ETYM as. rib, ribb; akin to Dutch rib, German rippe, Old High Germ. rippa, rippi, Dan. ribbe, Icel. rif, Russ. rebro.
1. A riblike supporting or strengthening part of an animal or plant.
2. Something resembling the rib of an animal.
3. Cut of meat including one or more ribs.
Any of 24 curved arches of bone extending from the spine to or toward the sternum in man and a similar bone in most vertebrates; SYN. costa.
Long, usually curved bone that extends laterally from the spine in vertebrates. Most fishes and many reptiles have ribs along most of the spine, but in mammals they are found only in the chest area. In humans, there are 12 pairs of ribs. The ribs protect the lungs and heart, and allow the chest to expand and contract easily.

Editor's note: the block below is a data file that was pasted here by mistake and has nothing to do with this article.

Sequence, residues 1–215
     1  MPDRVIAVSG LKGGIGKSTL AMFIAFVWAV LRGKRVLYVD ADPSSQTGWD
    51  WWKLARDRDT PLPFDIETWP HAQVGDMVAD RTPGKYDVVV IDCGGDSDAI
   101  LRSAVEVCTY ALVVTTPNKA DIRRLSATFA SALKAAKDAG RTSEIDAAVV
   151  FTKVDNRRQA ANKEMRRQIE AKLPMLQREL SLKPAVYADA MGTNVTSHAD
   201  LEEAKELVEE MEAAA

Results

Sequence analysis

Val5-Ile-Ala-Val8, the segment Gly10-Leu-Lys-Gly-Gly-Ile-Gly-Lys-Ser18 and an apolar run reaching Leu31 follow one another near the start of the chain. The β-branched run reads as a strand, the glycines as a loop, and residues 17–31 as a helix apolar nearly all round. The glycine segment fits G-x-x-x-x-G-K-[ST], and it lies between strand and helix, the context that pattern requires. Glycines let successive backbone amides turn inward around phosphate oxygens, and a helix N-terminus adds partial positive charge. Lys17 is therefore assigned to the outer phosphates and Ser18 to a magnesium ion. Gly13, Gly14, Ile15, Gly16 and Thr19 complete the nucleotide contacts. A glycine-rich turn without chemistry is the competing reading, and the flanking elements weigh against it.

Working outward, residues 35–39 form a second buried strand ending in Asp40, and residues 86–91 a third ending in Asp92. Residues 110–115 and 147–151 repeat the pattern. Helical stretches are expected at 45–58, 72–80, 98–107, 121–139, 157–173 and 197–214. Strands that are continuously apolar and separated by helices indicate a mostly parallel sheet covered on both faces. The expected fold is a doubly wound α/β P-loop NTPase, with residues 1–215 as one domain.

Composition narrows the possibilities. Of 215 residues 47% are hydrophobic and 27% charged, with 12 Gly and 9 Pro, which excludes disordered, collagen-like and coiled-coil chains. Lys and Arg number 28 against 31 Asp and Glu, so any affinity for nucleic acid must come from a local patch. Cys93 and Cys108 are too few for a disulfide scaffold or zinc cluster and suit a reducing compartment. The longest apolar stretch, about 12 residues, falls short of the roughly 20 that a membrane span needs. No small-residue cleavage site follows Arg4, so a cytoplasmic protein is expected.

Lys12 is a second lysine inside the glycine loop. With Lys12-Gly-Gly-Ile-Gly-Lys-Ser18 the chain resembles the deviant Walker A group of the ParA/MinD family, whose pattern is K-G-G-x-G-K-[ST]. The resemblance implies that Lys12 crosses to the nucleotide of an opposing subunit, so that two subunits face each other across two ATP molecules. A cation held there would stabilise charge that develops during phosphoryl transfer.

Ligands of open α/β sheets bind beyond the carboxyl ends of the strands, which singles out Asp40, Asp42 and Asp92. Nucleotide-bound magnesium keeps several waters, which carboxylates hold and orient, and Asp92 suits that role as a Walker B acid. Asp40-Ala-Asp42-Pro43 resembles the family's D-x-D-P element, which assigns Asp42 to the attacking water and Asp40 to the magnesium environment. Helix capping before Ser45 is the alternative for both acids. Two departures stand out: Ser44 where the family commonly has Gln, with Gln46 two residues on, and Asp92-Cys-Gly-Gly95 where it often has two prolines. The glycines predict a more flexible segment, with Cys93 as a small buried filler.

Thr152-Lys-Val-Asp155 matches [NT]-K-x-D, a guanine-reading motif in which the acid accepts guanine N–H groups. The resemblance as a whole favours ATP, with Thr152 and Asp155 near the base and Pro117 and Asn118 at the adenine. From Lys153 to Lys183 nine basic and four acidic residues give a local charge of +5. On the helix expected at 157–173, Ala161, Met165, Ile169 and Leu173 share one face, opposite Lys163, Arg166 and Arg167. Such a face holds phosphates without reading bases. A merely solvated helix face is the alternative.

At the rear, each pair is joined to one of the vertebrae of the spine. The upper seven are joined by cartilage directly to the breast bone (sternum). The next three are joined by cartilage to the end of the rib above. The last two (“floating ribs”) are not attached at the front.
1. To form vertical ribs by knitting.
2. To furnish or enclose with ribs
3. To knit so as to form vertical ridges in
To convert audio data from a compact disc into a WAV file or other digital format, typically in preparation for further encoding as an MP3 file. See also MP3.